Faith & Social Justice: In the spirit of Richard Overton and the 17th C. Levellers

Miguel de la Torre: A New(ish) Voice in baptist Theology

migueldelatorreMiguel de la Torre (left) is a friend of mine–and a rising voice in baptist theology in the 21st C.  He is one of the leading voices of Latino-American Liberation theology today–which is funny considering that he was once a staunch Republican who sold real estate in Miami.

Born in Cuba just months before the Castro revolution, Miguel’s family escaped to the U.S. when he was 6 months old.  For awhile, the U.S. government considered him to be an “illegal immigrant” (as they did the part of my family that came from Ireland during the late 19th C. and, finding the quota on Irish filled that year, stuck across the Canadian border).  He grew up in Queens, was baptized and confirmed into the Catholic Church while his parents became priest and priestess in the Caribbean religion of Santeria.  He left Queens and moved to Miami in his teens. 

At 19, Miguel formed his own real estate company, earned an M.P.A. from American University (Washington, D.C.), founded the West Dade Young Republicans, and eventually became president of the Miami Board of Realtors.  In 1988, he ran for Congress but lost in the Republican primary to Mario Diaz-Balart (R-FL -115), who still holds that seat. 

In his early 20s, Miguel’s life took some dramatic turns.  He became a “born again” Christian and joined University Baptist Church by believers’ baptism.  Feeling called to gospel ministry, he dissolved his highly successful real estate company to finance his theological education, beginning at The Southern Baptist Theological Seminary in Louisville, KY (where we met–Miguel helped me hone my mediocre Spanish enough that I could pass Theological Spanish for grad school and study Latin American liberation theologies in the original–except for the brothers Boff, who, being Brazilian, of course, wrote in Portuguese! ).  He was ordained to the gospel ministry and served as pastor of Goshen Baptist Church in Glen Dean, KY.

Like many of us, Miguel found his seminary experience transforming. Almost against his will, he changed from a social and political conservative to a proponent of liberation theology–who thinks most Democrats are far too tame.   When he completed his M.Div. at SBTS, he entered Temple University in Philadelphia, PA, earning a Ph.D. in Religious Studies, specializing in Christian Ethics and Sociology of Religion.  Miguel has applied social scientific models to study Latino/a religion in the U.S. as well as pioneering in theological ethics from a Latino/a liberationist perspective.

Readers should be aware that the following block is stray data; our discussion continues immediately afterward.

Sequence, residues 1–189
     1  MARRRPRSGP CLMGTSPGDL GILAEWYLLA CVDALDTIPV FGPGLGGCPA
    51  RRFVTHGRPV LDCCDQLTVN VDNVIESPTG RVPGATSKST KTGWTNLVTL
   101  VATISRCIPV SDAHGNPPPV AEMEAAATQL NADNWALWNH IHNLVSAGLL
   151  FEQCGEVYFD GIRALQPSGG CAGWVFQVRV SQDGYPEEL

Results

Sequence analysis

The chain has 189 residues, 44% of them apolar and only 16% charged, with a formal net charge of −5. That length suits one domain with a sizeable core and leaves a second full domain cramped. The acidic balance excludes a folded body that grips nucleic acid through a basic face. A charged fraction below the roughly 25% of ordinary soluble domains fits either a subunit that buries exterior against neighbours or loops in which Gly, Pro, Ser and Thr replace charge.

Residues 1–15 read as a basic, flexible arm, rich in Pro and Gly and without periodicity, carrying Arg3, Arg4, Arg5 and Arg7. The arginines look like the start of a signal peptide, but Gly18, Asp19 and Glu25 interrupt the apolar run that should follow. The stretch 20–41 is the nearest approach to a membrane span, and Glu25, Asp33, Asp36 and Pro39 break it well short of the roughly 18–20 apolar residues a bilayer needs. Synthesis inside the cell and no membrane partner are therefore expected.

From 1993-2005, Miguel taught Christian Ethics at Hope College, Holland, MI. Hope College is a Christian liberal arts college associated with the Reformed Church of America, and a Latino Baptist somewhat stood out in an institution historically related to Dutch Calvinists–but both African-American and Latino/a students were a rising percentage of enrollment.  Things went mostly fine, Miguel earned tenure, until he wrote a column in the local newspaper that satirized James Dobson’s attacks on the supposed “homosexuality” of the cartoon Spongebob Squarepants. (The article was called, “When the Bible is Used for Hatred.”) Dobson and his supporters caused enough trouble for Miguel that he eventually resigned his tenure and moved to Denver, CO.  Since 2005, Miguel de la Torre has been Associate Professor of Social Ethics at Iliff School of Theology, an ecumenical and interfaith theological seminary connected to the United Methodist Church.  [Corrected slightly per comments from BDW] Formerly,  regular columnist for EthicsDaily, now more often for Associated Baptist Press, Miguel is a prolific author–so much so that I will only list below the books he has authored by himself. He also co-authored several books, edited others, and contributed articles to dictionaries, journals, chapters in books, and magazines and newspapers.  In all these ways, he is a powerful influence–a new voice and face to 21st C. Baptist (and baptist) theology in North America.

A partial bibliography of Miguel de la Torre’s works include:

Reading the Bible from the Margins. Maryknoll, NY: Orbis Books, 2002. Personal note: This was a groundbreaking and very challenging work. I REALLY advise reading this–several times.

The Quest for the Cuban Christ:  A Historical Search. Gainesville, FL:  University Press of Florida, 2002.

La Lucha for Cuba:  Religion and Politics on the Streets of Miami.  Berkeley, CA:  University of California Press, 2003.

Santeria:  The Beliefs and Rituals of a Growing Religion in America.  Grand Rapids, MI: Eerdmans Publishing Co., 2004.

Doing Christian Ethics from the Margins.  Maryknoll, NY:  Orbis Books, 2004. Not quite as ecclesiocentric as this Anabaptist-type would desire, there is still much that is essential in this fantastic book.

A Lily Among the Thorns:  Imagining a New Christian Sexuality.  Jossey-Bass, 2007. Haven’t had time to read this one, yet, but want to do so. Miguel goes where angels fear to tread.

Liberating Jonah:  Toward a Biblical Ethics of Reconciliation.  Maryknoll, NY:  Orbis Books, 2007.  Excellent.

Trails of Hope and Terror:  Testimonies on the Current Immigration Debate.  Maryknoll, NY:  Orbis Books, 2009.  I have this one on order.

Social Justice from a Latina/o Perspective:  Constructing a Latina/o Ethics of Survival.  Waco, TX:  Baylor University Press, Forthcoming in 2010.

Genesis:  A Theological Commentary on the Bible.  Louisville, KY:  Westminster/John Knox Press, Forthcoming in 2011.

If I were to add all the co-authored and edited books or his chapter contributions, you’d wonder how Miguel de la Torre ever finds time to teach his class or be with his family! I envy his ability to write faster than I can read!  And I commend his works to you heartily. You will find his perspectives challenging, always.


September 27, 2009 - Posted by | anabaptists, Baptists, theology


  1. Since Bob Allen left Ethics Daily for Associated Baptist Press a year or so ago, Miguel has written columns almost exclusively for ABP. His columns are always provocative and result in dozens and dozens of comments from readers, most of which are very angry comments.

    Comment by bigdaddyweave | September 27, 2009